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Clinical Epidemiology and Ageing

Incidence and impact of implant subsidence after stand-alone lateral lumbar interbody fusion.

Bocahut N, Audureau E, Poignard A, Delambre J, Queinnec S, Lachaniette C-HFlouzat, Allain J Orthop Traumatol Surg Res. 2018;104(3):405-410.

BACKGROUND: Few data are available on the occurrence after stand-alone lateral lumbar interbody fusion (LLIF) of implant subsidence, whose definition and incidence vary across studies. The primary objective of this work was to determine the incidence of subsidence 1 year postoperatively, using an original measurement method, whose validity was first assessed. The secondary objective was to assess the clinical impact of subsidence.

HYPOTHESIS: Implant subsidence after stand-alone LLIF is a common complication that can adversely affect clinical outcomes.

MATERIAL AND METHODS: Of 69 included patients who underwent stand-alone LLIF, 67 (97%) were re-evaluated at least 1 year later. Furthermore, 63 (91%) patients had two available computed tomography (CT) scans for assessing subsidence, one performed immediately after surgery and the other 1 year later. Reproducibility of the original measurement method was assessed in a preliminary study. Subsidence was defined as at least 4mm loss of fused space height.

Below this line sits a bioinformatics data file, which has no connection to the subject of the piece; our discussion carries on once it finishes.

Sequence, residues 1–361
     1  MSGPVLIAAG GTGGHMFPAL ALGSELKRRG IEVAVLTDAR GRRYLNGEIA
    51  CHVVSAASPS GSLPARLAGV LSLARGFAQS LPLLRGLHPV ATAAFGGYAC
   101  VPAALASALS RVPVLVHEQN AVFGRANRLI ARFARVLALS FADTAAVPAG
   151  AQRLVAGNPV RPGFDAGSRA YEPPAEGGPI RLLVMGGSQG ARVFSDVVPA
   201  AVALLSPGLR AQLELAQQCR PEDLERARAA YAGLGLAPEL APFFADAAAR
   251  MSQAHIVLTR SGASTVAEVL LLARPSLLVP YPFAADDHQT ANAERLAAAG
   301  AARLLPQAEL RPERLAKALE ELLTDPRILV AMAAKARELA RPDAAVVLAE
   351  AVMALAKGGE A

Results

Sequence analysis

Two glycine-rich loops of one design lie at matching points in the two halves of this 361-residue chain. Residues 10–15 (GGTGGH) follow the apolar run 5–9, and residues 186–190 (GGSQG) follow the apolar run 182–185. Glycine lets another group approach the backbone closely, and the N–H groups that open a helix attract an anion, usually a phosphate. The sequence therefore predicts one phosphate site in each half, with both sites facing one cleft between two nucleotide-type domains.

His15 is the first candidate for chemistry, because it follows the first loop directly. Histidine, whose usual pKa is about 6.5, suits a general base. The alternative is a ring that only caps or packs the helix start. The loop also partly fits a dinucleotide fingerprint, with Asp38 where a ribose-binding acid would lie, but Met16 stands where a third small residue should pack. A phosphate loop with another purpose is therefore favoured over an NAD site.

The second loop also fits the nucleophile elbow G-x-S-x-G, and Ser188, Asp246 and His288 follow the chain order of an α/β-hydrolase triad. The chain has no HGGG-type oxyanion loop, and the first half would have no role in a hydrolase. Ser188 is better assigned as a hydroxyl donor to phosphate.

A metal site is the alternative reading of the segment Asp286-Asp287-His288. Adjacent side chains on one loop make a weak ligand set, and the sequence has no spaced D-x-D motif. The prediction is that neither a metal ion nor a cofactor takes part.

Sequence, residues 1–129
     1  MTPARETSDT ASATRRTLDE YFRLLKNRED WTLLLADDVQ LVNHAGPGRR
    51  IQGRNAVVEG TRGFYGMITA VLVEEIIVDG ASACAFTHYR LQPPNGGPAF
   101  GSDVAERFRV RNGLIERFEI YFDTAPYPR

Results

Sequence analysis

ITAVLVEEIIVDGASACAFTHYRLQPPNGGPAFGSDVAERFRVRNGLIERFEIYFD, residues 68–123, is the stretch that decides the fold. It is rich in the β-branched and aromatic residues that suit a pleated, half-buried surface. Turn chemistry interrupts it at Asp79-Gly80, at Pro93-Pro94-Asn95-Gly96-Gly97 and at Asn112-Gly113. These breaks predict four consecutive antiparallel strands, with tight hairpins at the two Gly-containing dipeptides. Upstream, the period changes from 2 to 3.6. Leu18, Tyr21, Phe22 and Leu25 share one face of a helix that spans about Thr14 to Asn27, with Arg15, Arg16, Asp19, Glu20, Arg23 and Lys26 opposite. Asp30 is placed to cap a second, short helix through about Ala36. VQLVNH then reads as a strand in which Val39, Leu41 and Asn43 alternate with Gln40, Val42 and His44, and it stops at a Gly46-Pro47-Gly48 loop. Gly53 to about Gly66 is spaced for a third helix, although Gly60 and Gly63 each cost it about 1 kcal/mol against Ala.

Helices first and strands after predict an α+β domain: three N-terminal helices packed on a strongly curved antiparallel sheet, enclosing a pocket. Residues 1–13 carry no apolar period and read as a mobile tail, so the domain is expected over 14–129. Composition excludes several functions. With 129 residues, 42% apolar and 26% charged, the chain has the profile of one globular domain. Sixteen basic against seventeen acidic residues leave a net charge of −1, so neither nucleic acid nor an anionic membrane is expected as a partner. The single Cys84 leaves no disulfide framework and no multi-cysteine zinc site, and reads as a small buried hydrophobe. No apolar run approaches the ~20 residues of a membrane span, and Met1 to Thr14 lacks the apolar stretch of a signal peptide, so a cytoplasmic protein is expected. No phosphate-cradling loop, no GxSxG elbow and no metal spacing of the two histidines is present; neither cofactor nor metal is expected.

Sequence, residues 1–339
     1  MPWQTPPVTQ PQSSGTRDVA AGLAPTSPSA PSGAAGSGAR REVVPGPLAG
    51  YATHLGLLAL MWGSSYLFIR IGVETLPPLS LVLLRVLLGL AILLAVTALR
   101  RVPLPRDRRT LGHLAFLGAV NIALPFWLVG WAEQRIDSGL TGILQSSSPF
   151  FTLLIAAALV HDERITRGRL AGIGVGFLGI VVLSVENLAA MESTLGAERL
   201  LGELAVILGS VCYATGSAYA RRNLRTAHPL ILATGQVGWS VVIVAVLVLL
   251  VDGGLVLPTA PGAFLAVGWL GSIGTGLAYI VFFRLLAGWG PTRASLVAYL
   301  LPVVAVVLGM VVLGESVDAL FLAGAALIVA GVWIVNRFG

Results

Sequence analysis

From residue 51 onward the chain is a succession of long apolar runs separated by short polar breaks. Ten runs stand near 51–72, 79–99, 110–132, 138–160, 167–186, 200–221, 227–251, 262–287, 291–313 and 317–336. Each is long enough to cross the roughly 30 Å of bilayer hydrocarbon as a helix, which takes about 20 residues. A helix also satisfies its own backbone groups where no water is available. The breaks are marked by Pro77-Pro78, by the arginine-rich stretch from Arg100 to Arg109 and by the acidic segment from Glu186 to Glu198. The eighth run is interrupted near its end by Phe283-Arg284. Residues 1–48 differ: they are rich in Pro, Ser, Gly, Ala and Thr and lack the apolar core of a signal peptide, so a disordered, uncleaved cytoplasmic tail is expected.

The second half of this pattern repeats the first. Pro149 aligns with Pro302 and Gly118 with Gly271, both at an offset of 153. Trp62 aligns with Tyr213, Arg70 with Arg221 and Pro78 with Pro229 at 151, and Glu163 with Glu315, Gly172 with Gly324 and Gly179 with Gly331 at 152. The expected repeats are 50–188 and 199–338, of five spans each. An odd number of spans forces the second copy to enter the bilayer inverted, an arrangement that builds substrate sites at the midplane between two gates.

RESULTS: The incidence of subsidence was 32% (20 patients). Subsidence was global in 7 (11%) patients and partial in 13 (21%) patients. Mean loss of height was 5.5±1.5mm. Subsidence predominated anteriorly in 50% of cases. The lordotic curvature of the fused segment was altered in 50% of patients, by a mean of 8°±3°. Fusion was achieved in 67/69 (97%) patients. The Oswestry score and visual analogue scale scores for low-back and nerve-root pain were significantly improved after 1 year in the overall population and in the groups with and without subsidence.

DISCUSSION: Reproducibility of our measurement method was found to be excellent. Subsidence was common but without significant clinical effects after 1 year. Nevertheless, subsidence can be associated with pain and can result in loss of lumbar lordosis, which is a potential risk factor for degenerative disease of the adjacent segments. A score for predicting the risk of subsidence will now be developed by our group as a tool for improving patient selection to stand-alone LLIF.

LEVEL OF EVIDENCE: IV, retrospective cohort study.

DOI: 10.1016/j.otsr.2017.11.018

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